On the evening of Thursday, October 17, spontaneous demonstrations broke out all over Lebanon following the announcement of new taxes, including those on the use of VOIP software (including WhatsApp). The government reversed the announcement that very evening, without appeasing the anger of the Lebanese.
In Tripoli, on the el-Nour Square (“of light”), a large roundabout in the city centre with the name of Allah in its centre, it was not necessary to go and talk to people today. It is the Tripolitans who come to you to explain why they are here.
Like this woman, who lists the “millions of problems in Lebanon”: the lack of electricity, the disastrous management of waste, poverty, the unemployment rate at more than forty percent, the fears linked to the devaluation of the Lebanese pound. Like this young man who has finished his studies and can’t find a job. Like this family man, who came with his little boy, who has lost an eye and has wounds on his feet and cannot afford to be treated in hospital. Or this other man, a taxi driver, who is planning a hunger strike and who is showing pictures of himself to prove that, as a protest, he had already sewn his lips together last February.
From their speeches, two points in common: a very clear rejection of the ruling political class, whose members are openly called thieves. And the willingness to reject any community division by insisting that in Lebanon, they are Sunni, Maronite, Shiite, Orthodox, Alawite, Catholic,… but that above all, they are Lebanese and that they must come out together.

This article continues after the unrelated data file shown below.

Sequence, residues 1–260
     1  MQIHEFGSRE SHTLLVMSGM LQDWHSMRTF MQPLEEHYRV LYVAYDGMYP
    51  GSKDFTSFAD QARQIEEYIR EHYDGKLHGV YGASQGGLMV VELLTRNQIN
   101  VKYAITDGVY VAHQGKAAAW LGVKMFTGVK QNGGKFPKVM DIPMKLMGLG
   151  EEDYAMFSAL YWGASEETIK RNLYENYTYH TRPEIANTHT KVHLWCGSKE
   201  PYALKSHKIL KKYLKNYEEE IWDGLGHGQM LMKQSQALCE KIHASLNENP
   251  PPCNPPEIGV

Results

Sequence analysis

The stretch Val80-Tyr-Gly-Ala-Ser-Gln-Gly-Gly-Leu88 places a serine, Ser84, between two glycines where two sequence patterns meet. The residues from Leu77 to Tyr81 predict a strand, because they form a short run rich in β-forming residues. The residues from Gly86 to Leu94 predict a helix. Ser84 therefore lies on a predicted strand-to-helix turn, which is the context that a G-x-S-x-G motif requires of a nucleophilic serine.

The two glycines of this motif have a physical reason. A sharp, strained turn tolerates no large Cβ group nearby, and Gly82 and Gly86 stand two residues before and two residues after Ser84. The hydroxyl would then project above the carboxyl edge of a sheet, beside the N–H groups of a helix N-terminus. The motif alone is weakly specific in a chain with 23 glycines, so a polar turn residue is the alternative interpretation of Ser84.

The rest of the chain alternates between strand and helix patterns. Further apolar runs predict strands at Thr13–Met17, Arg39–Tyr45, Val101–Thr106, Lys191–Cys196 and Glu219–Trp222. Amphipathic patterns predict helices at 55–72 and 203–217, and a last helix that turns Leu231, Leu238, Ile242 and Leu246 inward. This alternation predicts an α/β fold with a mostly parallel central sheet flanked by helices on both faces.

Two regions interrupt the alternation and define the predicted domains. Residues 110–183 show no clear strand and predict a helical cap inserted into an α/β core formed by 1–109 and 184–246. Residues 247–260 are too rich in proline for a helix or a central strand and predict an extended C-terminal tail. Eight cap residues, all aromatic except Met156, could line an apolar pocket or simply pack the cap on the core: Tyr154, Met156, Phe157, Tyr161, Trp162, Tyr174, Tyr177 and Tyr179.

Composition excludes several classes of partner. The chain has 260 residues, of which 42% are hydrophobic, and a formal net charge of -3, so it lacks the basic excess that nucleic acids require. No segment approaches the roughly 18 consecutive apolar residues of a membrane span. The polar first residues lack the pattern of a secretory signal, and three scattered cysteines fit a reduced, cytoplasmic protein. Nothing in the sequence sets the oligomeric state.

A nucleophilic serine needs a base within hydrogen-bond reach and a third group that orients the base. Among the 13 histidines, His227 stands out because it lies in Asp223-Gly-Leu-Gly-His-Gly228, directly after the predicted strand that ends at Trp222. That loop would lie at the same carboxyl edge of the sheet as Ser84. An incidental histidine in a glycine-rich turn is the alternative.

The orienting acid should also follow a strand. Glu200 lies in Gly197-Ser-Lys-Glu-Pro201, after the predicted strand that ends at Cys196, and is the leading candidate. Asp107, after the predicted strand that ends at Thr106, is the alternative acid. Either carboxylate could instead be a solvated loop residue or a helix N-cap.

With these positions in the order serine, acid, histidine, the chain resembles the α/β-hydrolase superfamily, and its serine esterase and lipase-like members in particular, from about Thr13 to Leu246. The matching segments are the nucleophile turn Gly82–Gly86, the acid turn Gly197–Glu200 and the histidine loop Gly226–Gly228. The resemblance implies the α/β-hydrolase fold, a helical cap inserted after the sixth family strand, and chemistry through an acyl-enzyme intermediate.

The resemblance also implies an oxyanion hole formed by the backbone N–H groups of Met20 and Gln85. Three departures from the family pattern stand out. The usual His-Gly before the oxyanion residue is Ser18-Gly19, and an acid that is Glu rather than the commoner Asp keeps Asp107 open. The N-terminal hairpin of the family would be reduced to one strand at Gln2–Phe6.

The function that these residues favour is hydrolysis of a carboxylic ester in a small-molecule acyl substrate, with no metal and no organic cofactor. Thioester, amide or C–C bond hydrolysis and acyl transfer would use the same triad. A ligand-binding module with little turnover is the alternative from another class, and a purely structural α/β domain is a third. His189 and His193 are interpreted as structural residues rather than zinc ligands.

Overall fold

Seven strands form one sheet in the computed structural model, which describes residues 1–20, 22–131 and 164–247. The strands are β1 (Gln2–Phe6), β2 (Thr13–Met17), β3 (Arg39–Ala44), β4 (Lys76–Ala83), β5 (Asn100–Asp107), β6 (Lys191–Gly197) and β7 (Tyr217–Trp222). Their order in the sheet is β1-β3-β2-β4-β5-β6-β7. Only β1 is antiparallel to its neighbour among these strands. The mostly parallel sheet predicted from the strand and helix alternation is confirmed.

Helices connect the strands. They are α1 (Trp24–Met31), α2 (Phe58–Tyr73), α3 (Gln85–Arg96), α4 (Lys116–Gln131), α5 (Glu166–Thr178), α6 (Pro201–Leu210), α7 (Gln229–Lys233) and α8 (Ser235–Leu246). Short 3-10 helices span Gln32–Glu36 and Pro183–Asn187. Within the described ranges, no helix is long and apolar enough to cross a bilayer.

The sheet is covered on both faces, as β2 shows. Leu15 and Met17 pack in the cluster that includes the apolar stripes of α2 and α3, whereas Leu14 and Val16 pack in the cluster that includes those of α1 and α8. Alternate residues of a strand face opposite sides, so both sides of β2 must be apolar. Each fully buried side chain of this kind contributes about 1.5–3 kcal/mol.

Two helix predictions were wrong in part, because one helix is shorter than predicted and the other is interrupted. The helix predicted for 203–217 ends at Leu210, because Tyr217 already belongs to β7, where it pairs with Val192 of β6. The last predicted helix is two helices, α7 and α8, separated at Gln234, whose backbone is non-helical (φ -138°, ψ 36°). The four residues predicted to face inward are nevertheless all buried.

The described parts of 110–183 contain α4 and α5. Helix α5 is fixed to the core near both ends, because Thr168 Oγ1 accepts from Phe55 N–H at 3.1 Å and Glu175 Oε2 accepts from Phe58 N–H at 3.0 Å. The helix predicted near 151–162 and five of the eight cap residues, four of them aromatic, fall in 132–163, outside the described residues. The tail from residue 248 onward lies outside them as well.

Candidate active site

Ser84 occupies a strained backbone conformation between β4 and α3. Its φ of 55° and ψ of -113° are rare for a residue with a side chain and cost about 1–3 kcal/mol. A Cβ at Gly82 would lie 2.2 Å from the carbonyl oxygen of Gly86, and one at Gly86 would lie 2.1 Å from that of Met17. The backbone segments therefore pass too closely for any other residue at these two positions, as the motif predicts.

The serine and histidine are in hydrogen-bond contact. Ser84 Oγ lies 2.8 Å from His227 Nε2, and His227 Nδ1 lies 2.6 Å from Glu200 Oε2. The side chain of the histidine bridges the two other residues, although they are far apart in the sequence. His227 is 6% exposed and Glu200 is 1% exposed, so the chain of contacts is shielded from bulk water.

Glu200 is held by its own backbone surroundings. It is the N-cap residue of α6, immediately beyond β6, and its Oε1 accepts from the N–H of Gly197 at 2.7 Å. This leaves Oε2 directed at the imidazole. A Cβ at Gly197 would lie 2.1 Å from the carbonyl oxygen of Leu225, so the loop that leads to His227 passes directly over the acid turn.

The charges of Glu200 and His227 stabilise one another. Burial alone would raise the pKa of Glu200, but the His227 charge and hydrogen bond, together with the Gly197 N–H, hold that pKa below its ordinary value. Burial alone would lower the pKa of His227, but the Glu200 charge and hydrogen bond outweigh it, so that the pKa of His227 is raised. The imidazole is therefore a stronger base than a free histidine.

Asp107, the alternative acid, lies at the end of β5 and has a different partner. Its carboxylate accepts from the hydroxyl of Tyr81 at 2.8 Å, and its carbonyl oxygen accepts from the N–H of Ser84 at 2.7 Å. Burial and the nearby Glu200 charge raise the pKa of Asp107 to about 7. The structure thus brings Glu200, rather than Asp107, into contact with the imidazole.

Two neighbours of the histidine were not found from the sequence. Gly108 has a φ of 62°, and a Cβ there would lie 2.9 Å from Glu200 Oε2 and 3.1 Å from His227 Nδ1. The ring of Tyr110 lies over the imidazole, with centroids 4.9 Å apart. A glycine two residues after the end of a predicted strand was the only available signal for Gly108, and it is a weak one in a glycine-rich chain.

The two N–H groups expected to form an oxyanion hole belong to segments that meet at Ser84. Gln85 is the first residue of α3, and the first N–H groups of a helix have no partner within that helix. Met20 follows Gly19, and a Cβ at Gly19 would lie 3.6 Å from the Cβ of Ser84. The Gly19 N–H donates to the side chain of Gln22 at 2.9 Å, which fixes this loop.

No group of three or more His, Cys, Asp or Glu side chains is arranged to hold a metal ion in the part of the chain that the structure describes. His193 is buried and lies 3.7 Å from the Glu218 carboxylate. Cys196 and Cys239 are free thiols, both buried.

The crowd grows during the day, especially after the midday prayer, which some will do on El Nour Square. Among the slogans that keep coming back to this square, “ثورة” (“revolution”) and “الشعب يريد يريد اسقاط النظام” (“The people want the fall of the regime”). The atmosphere is joyful and offensive, the demonstrators dance and sing and will repeatedly express their anger at the entrance of the Tripoli serail. Some young people set tires on fire, others try to dissuade them. It remains festive, at least until the arrival of the former deputy of Tripoli Misbah Ahdab who thought he could come and speak at the microphone. The clamour rises, a few plastic bottles fly and the former MP’s bodyguards retaliate with live ammunition. I saw a wounded leg, but we are talking about three wounded, one of them in critical condition.
Despite a moment of panic, the demonstrators did not leave the el-Nour square, which they still occupied at nightfall.
(Click on the pictures to view them)